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7. Meaningful action, for revolutionaries, is whatever increases the confidence, the autonomy, the initiative, the participation, the solidarity, the equalitarian tendencies and the self-activity of the masses and whatever assists in their demystification. Sterile and harmful action is whatever reinforces the passivity of the masses, their apathy, their cynicism, their differentiation through hierarchy, their alienation, their reliance on others [or deus ex machinae like 'history'] to do things for them and the degree to which they can therefore be manipulated by others - even by those allegedly acting on their behalf.
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May 1 2012 14:50
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I'm not that convinced that the concept of wealth dominated the human existence for most of the time. I mean, we know so little about our ancestors before they've started to write, and all we know that the epoch when humans have started to keep records of history, the concept of power and wealth was in a completely different context (it's speculation to talk about what those slaves and peasants were thinking thousands, or even some hundreds of years before, but I can't imagine that they had much of wealth to gain in mind, rather than the notion of freedom itself, which stands in contrast the modern day notion of wealth, which practically means freedom).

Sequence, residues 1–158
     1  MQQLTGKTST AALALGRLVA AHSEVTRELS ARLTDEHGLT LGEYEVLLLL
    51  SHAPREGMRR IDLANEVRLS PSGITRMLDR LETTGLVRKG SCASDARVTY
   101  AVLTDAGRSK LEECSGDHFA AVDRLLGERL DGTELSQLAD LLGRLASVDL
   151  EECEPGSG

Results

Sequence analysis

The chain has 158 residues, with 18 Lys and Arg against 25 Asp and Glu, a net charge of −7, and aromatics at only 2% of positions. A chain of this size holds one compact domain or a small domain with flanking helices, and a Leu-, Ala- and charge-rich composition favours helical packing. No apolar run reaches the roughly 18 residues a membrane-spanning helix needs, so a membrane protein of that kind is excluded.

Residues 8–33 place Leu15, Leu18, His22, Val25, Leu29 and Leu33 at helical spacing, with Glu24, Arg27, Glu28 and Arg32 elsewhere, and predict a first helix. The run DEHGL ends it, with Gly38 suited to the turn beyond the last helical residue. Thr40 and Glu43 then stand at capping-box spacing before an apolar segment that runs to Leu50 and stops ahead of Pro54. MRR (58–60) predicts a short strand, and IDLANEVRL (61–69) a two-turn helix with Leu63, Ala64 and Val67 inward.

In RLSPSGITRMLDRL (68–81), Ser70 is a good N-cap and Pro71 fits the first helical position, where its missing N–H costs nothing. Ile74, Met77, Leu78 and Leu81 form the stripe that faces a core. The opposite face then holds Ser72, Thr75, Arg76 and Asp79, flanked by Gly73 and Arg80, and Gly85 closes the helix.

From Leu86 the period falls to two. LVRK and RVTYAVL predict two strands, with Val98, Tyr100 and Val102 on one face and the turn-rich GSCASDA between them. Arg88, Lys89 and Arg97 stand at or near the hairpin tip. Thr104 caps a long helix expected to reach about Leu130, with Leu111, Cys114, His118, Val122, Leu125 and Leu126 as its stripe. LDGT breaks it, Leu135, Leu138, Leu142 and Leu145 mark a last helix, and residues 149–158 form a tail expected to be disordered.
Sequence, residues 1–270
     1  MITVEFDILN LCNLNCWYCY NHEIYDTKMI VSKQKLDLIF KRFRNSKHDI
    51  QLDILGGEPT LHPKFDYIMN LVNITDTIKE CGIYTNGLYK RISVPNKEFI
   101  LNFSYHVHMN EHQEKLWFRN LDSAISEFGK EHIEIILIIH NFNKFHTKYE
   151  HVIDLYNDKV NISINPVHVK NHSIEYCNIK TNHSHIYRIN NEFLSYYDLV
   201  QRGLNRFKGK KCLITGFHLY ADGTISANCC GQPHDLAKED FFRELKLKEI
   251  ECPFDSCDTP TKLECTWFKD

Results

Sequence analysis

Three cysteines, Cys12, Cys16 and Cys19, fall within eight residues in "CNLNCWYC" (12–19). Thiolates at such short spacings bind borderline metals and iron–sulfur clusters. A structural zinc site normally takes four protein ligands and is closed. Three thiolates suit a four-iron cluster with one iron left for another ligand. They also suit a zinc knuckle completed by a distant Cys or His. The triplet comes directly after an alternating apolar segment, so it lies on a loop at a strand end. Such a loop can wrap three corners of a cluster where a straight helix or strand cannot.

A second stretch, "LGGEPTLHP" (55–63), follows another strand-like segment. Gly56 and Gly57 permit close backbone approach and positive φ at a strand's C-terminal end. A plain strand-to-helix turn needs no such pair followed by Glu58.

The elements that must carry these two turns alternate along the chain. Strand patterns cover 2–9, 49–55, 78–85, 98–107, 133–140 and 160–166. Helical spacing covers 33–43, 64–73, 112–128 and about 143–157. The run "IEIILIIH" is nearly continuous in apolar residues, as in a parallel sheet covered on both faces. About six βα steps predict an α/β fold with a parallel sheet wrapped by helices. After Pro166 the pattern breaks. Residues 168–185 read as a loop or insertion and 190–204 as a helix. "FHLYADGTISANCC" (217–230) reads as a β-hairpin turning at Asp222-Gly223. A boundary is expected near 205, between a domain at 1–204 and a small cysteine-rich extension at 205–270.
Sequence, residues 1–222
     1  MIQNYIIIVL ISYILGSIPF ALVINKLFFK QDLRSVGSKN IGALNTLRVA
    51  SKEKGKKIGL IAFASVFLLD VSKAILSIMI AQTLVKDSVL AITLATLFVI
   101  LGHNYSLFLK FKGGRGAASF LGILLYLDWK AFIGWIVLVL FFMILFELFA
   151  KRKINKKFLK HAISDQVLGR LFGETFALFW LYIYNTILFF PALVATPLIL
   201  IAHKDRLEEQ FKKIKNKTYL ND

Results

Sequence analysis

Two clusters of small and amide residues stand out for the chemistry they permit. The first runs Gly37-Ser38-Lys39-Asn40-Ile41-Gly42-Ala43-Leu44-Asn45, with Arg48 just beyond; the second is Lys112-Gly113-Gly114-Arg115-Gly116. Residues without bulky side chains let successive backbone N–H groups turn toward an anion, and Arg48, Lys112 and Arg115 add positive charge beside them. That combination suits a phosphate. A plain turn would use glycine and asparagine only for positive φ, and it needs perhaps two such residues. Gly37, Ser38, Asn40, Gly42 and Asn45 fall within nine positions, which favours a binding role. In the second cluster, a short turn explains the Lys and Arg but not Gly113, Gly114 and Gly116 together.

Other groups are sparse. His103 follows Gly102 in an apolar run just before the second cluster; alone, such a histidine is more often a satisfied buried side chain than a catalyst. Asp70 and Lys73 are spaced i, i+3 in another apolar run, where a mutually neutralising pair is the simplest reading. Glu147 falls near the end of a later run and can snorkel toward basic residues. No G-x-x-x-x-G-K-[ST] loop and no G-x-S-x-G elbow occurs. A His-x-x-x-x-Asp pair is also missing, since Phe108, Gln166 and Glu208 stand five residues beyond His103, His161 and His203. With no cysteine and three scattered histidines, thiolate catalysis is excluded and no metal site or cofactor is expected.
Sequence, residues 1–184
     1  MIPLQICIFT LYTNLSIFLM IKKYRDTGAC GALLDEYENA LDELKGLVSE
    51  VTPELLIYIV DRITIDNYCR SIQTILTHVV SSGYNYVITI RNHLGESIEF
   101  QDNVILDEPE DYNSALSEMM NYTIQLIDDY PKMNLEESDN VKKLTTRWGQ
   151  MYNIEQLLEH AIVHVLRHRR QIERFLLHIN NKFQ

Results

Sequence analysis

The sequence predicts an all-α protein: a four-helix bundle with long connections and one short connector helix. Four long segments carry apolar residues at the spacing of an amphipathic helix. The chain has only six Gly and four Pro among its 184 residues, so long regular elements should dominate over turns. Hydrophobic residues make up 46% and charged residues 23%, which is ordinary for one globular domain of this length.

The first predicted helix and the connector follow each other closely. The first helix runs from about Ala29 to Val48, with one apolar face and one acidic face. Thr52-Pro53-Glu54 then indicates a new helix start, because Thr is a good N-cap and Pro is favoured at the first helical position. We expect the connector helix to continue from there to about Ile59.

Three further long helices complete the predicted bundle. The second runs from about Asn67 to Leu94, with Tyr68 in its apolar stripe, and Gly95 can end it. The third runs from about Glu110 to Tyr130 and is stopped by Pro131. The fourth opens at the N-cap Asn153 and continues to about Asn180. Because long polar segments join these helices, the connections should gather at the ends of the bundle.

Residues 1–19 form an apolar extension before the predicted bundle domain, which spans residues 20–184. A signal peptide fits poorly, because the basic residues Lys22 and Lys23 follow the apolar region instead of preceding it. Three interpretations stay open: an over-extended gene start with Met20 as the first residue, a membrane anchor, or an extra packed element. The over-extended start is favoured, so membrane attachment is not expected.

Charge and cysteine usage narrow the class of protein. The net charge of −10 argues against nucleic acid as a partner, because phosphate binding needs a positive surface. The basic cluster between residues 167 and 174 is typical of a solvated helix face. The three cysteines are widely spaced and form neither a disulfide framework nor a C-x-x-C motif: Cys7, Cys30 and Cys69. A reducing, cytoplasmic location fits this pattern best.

I never thought of it that way cheers. tbh I generally view human history as one big suicidal fuck fest. The reason I ask for a critique nihilist communism is because most of us are losing hope (southwest) and turning towards an anarchistic/communistic active nihilism as the only goal in mind, rather than the pursuit of revolution and the fundamental transformation of society into communism. Which is probably why you've seen the threads or comments that I've created which must come off incredibly hateful, this is mainly because of the frustration that nothing has been achieved even in the reformist sense except for symbolic acts.

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May 1 2012 16:04

David Graeber's book on debt certainly is very enlightening about these concepts of private property and wealth before more contemporary times.

I think that if we accept that capitalism, wealth, private property, selfish greed and all that have been with humanity forever, then we must accept that those are overwhelming human traits, that they will surface in every social relationship. As a communist I can't accept that and there's both an historical record of societies built on different principles and my own experiences which disprove it.

It's been a nice thread, hope Krieg got something to think about although I have no idea how you can be an active nihilist short of suicide or trying to blow up a nuclear reactor.

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May 1 2012 16:43

active nihilist = Red Brigades, Al Qaeda, Waffen SS etc
"The passion for destruction is also a creative passion." - Bakunin

Quote: